• Comments about the addition of italics to a quotation should be enclosed in square brackets if they appear in the midst of a quotation, as they do here, for instance: ‘A middle-class family might have owned only one book [italics mine], but that book would often resemble an entire library in parvo [in small], with its contents both extensive and extremely varied.’ This indicates that only the italics on one book were added by the author quoting the passage, not the italics on in parvo. When, on the other hand, you add all the italics that appear in a quotation, the acknowledgement of the italics should come at the end of the quotation along with the reference: ‘(Taylor, 2009, p.98; italics mine).’ The acknowledgement can use different wording – ‘italic font my own,’ ‘my emphasis’ etc. – but the same form should be used in all instances in a thesis. Alternatively, if all the italic font in all the quotations used in the thesis or one of its chapters is your own, this can be explained in a single comment, usually in a note attached to the first quotation that features such italic font: for example, ‘italics here, as in other quotations in this thesis (or chapter), are my own’ or, more briefly, ‘all italic font in quotations is my own.’ While italics can be added to certain words and sections in a quotation in order to emphasise them or perhaps to make the presentation of foreign words consistent with the format you use elsewhere in your thesis, quotations should not be placed entirely in italics, which are not needed or correct for marking quotations in English.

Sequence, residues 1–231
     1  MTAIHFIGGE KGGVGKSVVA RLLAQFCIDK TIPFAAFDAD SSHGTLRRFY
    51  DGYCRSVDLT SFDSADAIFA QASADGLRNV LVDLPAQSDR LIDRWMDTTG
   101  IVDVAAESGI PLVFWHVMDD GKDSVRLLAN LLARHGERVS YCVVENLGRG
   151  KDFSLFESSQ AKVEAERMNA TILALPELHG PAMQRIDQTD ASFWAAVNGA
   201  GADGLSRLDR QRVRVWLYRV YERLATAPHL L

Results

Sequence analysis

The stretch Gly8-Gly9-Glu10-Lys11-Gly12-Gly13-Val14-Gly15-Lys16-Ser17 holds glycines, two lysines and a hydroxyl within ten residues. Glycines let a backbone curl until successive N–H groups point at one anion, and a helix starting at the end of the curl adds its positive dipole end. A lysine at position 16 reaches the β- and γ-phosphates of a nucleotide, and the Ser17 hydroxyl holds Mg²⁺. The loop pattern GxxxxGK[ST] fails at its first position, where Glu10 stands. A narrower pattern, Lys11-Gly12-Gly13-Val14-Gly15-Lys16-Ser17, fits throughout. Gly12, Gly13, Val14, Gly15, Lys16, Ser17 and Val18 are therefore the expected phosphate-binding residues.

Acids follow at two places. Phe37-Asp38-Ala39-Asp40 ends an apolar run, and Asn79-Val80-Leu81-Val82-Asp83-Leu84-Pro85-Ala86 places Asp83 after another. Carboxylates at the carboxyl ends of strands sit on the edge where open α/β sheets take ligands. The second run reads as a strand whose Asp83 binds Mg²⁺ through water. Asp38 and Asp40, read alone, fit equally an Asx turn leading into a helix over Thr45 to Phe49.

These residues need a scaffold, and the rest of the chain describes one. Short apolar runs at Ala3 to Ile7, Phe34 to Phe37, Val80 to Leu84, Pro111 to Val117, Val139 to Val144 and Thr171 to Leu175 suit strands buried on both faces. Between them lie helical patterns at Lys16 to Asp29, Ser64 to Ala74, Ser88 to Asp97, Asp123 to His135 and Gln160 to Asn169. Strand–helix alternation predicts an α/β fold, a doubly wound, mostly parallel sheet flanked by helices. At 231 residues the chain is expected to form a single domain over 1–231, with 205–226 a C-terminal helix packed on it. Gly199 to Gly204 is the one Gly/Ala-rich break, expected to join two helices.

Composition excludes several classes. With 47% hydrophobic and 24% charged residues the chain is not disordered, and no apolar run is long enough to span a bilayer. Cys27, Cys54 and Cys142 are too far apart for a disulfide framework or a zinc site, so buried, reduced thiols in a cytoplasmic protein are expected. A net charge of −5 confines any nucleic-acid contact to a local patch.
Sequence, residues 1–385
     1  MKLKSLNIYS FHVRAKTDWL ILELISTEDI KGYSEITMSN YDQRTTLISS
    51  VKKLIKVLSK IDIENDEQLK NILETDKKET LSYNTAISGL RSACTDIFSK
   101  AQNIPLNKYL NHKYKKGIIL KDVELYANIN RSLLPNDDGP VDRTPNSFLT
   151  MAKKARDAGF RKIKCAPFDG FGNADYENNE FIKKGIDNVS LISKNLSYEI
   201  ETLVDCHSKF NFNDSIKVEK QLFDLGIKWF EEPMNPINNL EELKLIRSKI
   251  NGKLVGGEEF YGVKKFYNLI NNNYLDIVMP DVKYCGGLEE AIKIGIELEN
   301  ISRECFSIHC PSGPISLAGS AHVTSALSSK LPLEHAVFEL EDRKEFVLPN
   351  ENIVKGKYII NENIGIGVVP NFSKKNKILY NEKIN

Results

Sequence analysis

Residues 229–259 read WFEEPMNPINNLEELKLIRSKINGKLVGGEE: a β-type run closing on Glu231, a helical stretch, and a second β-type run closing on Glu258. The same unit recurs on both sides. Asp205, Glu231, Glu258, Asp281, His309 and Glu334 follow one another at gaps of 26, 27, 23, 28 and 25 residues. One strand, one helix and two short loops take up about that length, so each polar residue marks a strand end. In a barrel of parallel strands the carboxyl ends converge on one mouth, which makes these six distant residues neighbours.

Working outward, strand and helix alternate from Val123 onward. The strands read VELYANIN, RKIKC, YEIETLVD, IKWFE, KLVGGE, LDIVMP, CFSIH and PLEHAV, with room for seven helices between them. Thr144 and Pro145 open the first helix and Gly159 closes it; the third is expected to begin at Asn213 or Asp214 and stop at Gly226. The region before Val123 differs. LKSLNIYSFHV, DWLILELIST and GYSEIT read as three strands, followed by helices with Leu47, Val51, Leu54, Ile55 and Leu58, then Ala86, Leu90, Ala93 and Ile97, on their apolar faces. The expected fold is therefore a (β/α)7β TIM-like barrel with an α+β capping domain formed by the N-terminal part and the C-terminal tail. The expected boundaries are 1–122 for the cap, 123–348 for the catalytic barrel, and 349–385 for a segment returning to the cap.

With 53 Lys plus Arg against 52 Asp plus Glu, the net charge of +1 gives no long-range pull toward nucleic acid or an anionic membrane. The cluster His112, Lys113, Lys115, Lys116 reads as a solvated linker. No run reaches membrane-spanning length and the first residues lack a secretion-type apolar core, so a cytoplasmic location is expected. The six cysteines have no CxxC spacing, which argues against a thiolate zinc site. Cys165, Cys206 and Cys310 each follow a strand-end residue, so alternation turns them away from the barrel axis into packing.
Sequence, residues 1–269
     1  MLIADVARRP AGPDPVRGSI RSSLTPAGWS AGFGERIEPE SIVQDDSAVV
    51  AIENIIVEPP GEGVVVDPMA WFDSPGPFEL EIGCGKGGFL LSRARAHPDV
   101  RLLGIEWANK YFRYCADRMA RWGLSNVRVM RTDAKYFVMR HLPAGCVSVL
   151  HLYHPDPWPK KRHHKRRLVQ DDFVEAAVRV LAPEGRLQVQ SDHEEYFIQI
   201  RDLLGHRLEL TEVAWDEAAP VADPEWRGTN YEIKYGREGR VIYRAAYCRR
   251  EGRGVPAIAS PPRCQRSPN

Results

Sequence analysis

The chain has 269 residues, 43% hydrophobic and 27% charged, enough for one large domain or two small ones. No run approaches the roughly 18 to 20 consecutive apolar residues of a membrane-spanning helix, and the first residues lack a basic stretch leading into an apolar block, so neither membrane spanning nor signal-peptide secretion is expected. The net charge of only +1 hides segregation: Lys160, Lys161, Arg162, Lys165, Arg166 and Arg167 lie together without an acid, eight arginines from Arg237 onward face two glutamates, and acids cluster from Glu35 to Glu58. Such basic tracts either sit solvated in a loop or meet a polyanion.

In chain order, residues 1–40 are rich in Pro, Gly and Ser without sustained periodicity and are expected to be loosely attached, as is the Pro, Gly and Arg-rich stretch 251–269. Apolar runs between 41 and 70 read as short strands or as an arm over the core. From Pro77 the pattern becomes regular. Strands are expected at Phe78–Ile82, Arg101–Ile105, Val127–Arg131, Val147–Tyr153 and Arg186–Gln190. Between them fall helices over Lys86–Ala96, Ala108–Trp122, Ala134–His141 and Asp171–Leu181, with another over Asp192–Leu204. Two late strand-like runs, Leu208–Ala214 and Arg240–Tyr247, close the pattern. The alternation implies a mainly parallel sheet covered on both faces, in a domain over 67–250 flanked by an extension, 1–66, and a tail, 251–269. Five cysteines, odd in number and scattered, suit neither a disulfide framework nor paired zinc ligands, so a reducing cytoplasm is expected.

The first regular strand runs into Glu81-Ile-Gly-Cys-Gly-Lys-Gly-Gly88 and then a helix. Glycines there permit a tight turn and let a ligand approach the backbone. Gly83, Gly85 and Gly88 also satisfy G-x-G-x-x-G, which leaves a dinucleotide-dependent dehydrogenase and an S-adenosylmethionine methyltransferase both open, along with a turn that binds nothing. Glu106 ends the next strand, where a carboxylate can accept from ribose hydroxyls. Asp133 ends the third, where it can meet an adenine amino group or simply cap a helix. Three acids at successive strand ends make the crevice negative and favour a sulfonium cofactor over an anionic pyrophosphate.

• Question marks when added as queries to express doubt about the information provided in a quotation should be enclosed in square brackets immediately after the doubtful information, and some explanation might be added as well: ‘A massive storm hit the region in the fall of 1479 [?; or perhaps 1480] and appears to have resulted in extensive flooding.’ Please note that an exclamation mark enclosed in square brackets is neither an effective nor a professional way in which to comment on a quotation and should be avoided.